Music and Measurements: What Do you Think?

Discussion in 'Archived Threads 2001-2004' started by Lee Scoggins, Dec 11, 2002.

  1. Lee Scoggins

    Lee Scoggins Producer

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    Friends,

    I just read an interesting comment in Stereophile by William Z. Johnson, designer and founder of Audio Research, where he comments on why audio is so difficult to scientifically measure. He says:

    "hi-fi is one of the few industries where products are measured one way and used in another way...Every measurement that we're aware of falls into the realm of what we call repititive, or static, measurement. In the real world, the simplest musical signal has component signals one ten-thousandth the size of some of the other signals present, and at many, many frequencies at once. It simply defies the abilities of static circuitry measurement."

    This IMHO gets to the point that it is very difficult to apply even wonderful modern scientific techniques to describe audio phenomena. In many discussions here on the board we often fall on two sides of this coin. Those who don't believe you can measure everything and those who do.

    I am curious...what do you believe?
     
  2. John Watson

    John Watson Screenwriter

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    In the early 80's, my early adapting brother wondered why I wasn't careful to only get DDD disks?
    I replied that I was hearing the disks - whether ADD or (horrors) AAD, through analogue equipment anyway, ie, my ears [​IMG]
     
  3. Lee Scoggins

    Lee Scoggins Producer

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  4. Ted Lee

    Ted Lee Lead Actor

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    regarding DDD - didn't i just read somewhere that some of these discs were not "true" DDD, but more like DAD? something about the boards or mixing equipment were really analog?

    anyway, regarding the article, i firmly believe that we cannot measure or capture everything.

    music is full of dynamics, nuances and "essences" that simply cannot be analyzed. how in the world are you supposed to capture that kind of stuff?

    besides all the technical stuff, it's literally impossible to measure the affect it has on a human being. this is what kills me about audio. if someone says they hear "it", then who am i to say that they aren't? and how am i supposed to measure that anyway?

    if a piece of music really gets to me, then i'll overlook just about any issue. i certainly won't care that it wasn't recorded using the highest bitrate or that they didn't use original source masters or that the compression was too high.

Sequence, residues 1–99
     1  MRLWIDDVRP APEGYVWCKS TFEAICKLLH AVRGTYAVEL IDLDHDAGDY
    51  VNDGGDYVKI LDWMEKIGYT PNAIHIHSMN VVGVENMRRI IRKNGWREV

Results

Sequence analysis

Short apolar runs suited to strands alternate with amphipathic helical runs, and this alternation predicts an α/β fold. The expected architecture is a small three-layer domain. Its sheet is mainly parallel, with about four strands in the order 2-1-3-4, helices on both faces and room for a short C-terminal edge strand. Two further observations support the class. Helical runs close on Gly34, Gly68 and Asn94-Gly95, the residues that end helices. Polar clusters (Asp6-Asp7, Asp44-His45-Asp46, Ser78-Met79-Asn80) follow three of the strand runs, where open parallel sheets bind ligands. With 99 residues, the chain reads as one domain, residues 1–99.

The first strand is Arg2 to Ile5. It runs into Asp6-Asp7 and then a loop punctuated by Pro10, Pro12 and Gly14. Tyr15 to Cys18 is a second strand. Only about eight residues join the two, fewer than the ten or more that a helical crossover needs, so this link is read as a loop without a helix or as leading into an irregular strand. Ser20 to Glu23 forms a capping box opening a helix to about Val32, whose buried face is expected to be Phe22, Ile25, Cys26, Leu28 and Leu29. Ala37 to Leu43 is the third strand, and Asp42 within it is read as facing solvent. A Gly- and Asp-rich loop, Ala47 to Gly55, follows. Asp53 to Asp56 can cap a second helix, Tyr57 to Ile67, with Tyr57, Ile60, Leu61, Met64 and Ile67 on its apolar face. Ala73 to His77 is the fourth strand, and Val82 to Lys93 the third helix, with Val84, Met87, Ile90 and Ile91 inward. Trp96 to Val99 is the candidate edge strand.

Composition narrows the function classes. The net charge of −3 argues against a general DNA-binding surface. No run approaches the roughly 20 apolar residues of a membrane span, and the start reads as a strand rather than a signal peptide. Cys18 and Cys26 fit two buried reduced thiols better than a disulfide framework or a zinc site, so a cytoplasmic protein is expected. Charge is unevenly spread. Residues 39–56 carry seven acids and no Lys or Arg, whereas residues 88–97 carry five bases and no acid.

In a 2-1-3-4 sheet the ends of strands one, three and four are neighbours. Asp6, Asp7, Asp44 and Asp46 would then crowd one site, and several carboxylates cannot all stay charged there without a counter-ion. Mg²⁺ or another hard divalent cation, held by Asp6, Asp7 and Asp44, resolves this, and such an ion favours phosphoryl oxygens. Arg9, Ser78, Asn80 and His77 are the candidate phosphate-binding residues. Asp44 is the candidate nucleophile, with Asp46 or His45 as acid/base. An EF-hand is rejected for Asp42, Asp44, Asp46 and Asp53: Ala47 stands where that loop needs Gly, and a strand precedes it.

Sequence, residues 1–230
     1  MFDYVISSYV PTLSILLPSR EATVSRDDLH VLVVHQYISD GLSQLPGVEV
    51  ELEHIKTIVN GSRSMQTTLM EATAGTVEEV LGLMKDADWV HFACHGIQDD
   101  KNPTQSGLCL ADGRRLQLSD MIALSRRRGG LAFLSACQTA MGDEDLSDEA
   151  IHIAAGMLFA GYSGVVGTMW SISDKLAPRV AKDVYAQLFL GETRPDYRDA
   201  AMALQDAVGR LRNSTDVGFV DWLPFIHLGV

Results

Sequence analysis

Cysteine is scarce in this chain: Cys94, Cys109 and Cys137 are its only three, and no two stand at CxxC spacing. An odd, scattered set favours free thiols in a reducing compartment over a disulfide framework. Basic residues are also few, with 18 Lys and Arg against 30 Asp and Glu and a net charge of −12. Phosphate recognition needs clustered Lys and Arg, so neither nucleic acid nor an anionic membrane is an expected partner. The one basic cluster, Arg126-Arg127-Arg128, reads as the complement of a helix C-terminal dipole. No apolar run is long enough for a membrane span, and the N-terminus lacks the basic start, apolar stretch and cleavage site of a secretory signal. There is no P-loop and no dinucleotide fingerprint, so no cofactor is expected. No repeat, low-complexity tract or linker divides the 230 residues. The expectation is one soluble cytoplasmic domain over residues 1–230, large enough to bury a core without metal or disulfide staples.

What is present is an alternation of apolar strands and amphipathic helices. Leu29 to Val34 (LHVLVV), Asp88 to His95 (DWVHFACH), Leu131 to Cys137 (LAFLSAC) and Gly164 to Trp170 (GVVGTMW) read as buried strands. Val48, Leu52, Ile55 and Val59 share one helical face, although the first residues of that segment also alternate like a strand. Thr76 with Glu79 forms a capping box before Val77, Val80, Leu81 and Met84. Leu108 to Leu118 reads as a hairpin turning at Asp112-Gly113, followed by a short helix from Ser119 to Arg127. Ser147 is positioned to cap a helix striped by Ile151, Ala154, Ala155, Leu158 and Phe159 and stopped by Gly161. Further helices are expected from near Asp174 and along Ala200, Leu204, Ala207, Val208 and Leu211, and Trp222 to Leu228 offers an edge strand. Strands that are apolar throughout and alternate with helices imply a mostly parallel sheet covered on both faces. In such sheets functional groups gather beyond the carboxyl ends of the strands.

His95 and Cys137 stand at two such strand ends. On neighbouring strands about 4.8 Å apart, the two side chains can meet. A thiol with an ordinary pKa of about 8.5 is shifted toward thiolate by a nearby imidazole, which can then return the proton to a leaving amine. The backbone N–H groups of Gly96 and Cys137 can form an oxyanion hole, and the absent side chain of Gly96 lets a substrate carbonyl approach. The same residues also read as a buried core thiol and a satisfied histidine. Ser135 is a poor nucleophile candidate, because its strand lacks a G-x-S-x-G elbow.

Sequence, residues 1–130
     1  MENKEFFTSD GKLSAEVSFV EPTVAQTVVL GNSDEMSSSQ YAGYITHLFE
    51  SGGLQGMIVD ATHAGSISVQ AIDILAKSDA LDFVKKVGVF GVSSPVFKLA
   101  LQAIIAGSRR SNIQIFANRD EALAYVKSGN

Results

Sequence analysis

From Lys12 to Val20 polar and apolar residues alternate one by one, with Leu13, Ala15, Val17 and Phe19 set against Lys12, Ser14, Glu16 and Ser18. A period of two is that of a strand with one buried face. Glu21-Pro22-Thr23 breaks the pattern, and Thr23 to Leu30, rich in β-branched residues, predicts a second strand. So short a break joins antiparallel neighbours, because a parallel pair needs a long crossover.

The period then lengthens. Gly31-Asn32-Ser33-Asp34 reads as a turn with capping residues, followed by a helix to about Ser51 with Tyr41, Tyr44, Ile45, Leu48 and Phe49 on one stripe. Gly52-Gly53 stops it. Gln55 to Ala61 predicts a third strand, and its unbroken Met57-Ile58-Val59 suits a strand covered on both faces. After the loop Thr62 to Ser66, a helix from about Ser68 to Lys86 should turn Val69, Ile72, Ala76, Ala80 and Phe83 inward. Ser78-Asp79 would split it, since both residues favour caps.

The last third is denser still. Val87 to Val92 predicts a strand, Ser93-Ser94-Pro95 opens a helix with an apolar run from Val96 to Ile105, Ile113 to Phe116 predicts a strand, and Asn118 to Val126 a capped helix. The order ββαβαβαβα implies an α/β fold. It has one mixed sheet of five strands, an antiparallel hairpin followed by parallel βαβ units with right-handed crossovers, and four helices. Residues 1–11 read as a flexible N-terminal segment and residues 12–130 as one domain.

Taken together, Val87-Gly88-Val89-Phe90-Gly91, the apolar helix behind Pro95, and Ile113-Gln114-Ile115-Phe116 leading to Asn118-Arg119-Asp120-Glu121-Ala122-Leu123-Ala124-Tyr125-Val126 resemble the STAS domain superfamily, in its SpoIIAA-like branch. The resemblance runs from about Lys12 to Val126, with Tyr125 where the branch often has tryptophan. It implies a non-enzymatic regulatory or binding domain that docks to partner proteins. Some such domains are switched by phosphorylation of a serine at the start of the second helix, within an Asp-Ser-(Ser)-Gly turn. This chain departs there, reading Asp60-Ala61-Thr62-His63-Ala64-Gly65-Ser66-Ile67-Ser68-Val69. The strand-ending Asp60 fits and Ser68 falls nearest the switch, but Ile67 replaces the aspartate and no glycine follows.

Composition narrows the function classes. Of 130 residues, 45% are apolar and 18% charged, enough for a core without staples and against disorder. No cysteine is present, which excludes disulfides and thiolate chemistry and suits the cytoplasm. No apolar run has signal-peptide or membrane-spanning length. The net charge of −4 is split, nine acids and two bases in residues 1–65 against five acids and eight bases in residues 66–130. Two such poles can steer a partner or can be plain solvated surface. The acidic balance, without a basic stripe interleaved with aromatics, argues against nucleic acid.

if i like the music, then that's good enough for me.
     
  5. Lee Scoggins

    Lee Scoggins Producer

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  6. Tim Hoover

    Tim Hoover Screenwriter

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  7. Phil A

    Phil A Producer

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    I've always maintained, I don't know how one would go about measuring soundstage depth, height or width with regard to a particular musical source. Also the difference from one room to another could be significant let along measuring stuff like the timbre of instruments or voices. Measurements are good for the sake of measurements and not very useful when it comes to evaluating music on a given system in a given listening space.
     
  8. Ted Lee

    Ted Lee Lead Actor

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    to touch upon tim's post about overdriving the guitar amp.

    that reminded me of (what i call) the "lo-fi" sound that's been pretty popular...especially in electronic music. it has that kind of hissy, distorted, muddy sound.

    if you tried to measure that, i'm sure the numbers would be atrocious (sp?). but it sure can sound cool.
     
  9. John Watson

    John Watson Screenwriter

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    Yeah, I once made a tape with my oldest 45's, and used a "mute" button to better absorb the scratches. And I wrote "lo-fi 45's" on the label [​IMG]
     
  10. Lee Scoggins

    Lee Scoggins Producer

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  11. Kevin C Brown

    Kevin C Brown Producer

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    I personally think it's a lot more likely that a component that measures well, will sound good too. And that a component that measures poorly will also sound poorly.